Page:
Consensus and community review in open source and open standards

Submitted by connolly on Thu, 2006-04-06 18:03. :: | |

Consensus is a core value of W3C and lots of other open standards and open source communities. I used to think that a decision where almost everybody agreed except a few objectors was an example of consensus. That was based on my experience in the IETF, with its "rough consensus and running code" mantra. Then I learned that this is quite a stretch with respect to the normal dictionary meaning of "consensus".

The debian community seems to be examining the meaning of "consensus":

Many things are done on behalf of the project without every individual member supporting them - for instance, Mark is vigorously opposed to Debian UK being granted a trademark license, even though Branden (and therefore the project) granted one. The key difference here is the difference between consensus and unanimity.

Matthew Garrett 2006-04-04

Definitions of "consensus" vary. The wikipedia article on consensus has a good synthesis: Achieving consensus requires serious treatment of every group member's considered opinion.

W3C's consensus policy formally distinguishes the case of even one objection from consensus:

The following terms are used in this document to describe the level of support for a decision among a set of eligible individuals:

  1. Consensus: A substantial number of individuals in the set support the decision and nobody in the set registers a Formal Objection. Individuals in the set may abstain. Abstention is either an explicit expression of no opinion or silence by an individual in the set. Unanimity is the particular case of consensus where all individuals in the set support the decision (i.e., no individual in the set abstains).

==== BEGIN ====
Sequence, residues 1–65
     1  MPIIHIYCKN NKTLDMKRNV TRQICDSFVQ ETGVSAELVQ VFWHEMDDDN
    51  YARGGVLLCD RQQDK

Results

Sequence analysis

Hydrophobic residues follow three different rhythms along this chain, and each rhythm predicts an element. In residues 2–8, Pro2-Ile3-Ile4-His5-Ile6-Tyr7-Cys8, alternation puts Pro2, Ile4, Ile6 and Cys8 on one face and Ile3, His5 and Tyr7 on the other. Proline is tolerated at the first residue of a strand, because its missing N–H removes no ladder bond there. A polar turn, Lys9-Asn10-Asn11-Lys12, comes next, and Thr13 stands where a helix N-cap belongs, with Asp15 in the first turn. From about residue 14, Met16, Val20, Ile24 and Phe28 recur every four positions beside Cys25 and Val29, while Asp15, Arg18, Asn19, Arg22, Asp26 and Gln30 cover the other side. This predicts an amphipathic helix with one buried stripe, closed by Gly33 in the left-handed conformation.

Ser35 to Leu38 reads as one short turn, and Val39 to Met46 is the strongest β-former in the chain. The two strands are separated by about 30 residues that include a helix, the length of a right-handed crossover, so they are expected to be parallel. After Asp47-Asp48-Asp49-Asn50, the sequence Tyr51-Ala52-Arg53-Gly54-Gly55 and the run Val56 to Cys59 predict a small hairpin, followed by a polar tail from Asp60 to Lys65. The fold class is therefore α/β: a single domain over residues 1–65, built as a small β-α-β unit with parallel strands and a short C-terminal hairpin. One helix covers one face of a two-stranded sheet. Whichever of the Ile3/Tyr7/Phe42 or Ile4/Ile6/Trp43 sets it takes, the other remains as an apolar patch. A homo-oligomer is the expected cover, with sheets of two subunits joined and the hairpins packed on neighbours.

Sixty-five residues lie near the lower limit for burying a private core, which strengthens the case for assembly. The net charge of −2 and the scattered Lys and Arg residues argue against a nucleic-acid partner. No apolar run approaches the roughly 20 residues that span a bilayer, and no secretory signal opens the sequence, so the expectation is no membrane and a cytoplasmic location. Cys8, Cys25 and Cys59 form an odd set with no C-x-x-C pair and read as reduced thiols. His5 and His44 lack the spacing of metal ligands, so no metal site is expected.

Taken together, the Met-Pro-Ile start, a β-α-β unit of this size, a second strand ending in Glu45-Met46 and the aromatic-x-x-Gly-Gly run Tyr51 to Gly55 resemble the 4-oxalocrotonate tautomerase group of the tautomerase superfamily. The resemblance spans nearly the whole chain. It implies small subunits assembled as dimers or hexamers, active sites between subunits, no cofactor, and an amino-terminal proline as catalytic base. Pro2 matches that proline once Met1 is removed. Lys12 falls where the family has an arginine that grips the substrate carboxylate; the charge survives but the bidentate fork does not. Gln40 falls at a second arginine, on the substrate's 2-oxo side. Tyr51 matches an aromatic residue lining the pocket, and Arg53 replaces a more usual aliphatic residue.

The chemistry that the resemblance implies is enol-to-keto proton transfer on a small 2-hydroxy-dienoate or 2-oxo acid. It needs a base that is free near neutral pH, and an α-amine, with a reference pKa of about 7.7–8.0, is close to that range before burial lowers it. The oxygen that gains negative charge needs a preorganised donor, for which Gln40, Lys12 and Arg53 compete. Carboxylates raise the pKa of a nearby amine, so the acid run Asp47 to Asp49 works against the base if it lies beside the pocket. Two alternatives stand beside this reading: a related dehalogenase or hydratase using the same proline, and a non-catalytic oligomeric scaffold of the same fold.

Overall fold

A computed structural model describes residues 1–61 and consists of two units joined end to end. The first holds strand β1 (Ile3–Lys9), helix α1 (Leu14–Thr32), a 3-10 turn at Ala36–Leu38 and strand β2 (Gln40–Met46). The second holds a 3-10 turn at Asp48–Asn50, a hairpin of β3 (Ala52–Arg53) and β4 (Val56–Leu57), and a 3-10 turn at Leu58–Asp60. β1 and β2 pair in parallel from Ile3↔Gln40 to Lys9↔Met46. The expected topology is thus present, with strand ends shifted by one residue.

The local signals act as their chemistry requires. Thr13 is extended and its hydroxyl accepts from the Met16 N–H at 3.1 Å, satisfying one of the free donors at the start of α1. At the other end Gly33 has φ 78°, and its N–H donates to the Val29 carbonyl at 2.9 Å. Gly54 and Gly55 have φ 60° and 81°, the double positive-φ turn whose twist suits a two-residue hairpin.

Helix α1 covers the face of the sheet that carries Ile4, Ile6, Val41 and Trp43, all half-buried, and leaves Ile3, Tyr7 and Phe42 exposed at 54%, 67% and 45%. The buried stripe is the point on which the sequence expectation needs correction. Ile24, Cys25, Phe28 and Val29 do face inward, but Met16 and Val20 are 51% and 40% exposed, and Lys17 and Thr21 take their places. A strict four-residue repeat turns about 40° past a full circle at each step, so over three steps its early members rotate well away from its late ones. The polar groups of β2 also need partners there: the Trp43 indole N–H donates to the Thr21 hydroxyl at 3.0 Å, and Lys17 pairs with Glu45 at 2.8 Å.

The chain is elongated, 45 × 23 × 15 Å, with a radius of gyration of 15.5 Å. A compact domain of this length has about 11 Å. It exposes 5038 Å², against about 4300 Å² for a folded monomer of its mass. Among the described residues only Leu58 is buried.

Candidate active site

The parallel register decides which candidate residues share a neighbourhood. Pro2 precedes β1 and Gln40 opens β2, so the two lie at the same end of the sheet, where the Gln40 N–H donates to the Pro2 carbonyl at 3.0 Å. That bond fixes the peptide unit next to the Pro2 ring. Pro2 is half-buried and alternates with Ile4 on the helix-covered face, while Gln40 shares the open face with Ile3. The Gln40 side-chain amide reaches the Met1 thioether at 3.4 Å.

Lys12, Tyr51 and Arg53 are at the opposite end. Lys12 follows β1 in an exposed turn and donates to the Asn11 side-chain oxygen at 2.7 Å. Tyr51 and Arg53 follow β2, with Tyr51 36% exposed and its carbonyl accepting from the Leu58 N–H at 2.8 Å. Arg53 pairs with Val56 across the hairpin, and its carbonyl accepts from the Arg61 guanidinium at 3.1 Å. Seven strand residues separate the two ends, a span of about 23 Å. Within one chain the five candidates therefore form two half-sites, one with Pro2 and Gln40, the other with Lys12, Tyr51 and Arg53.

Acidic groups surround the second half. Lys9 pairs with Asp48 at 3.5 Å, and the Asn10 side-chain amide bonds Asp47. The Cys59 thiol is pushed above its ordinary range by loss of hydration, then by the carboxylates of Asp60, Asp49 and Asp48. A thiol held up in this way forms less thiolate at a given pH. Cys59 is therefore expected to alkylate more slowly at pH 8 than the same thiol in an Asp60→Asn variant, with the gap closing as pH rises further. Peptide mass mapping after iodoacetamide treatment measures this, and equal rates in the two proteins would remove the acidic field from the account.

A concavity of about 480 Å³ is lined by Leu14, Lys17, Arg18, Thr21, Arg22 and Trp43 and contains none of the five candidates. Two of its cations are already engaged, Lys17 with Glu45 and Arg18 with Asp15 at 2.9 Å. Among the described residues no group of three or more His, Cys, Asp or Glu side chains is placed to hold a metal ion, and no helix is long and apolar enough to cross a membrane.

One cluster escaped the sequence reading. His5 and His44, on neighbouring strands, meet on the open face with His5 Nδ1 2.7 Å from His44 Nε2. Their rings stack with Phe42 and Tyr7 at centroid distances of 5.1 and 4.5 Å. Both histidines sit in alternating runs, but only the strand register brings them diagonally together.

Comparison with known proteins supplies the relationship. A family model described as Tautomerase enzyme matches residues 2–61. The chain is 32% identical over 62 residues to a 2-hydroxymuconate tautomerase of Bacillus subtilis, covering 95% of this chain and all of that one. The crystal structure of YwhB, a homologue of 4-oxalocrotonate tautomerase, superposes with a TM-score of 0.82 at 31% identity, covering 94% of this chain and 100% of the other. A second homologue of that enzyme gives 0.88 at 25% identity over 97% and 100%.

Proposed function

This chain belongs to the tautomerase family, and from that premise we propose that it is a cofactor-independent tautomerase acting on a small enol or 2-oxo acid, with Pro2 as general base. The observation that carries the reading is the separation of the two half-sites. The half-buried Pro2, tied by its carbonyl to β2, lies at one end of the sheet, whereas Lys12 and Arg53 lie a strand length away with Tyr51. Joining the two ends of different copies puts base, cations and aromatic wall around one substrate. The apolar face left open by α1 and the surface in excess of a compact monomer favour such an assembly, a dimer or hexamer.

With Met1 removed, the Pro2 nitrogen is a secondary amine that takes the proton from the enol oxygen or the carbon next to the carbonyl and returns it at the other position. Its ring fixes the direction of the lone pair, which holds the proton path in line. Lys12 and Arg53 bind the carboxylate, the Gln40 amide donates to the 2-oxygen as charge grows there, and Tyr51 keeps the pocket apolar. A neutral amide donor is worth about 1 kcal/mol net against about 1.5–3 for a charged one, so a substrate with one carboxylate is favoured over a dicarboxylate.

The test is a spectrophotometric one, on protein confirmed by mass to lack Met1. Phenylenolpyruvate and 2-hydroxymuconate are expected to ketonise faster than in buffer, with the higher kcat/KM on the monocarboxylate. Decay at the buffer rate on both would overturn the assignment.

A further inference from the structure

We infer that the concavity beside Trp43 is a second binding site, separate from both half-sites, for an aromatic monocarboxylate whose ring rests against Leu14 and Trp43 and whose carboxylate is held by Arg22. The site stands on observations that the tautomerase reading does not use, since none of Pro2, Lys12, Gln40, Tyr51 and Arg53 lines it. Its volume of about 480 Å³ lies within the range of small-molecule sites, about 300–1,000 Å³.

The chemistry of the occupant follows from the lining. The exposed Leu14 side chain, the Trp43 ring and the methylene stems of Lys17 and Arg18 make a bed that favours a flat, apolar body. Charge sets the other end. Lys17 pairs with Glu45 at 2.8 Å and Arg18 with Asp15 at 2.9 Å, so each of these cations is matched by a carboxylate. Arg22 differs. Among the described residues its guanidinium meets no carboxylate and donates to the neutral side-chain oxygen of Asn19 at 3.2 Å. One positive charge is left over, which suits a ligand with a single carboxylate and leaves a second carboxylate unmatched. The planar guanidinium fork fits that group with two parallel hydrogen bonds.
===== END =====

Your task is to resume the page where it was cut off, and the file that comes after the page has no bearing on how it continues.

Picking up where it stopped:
2. Dissent: At least one individual in the set registers a Formal Objection.


In some cases, even after careful consideration of all points of view, a group might find itself unable to reach consensus. The Chair may record a decision where there is dissent (i.e., there is at least one Formal Objection) so that the group may make progress (for example, to produce a deliverable in a timely manner). Dissenters cannot stop a group's work simply by saying that they cannot live with a decision. When the Chair believes that the Group has duly considered the legitimate concerns of dissenters as far as is possible and reasonable, the group should move on.

That last bit is important, since "you can't schedule consensus," another lesson I learned from Michael Sperberg-McQueen. And we do try to schedule our deliverables.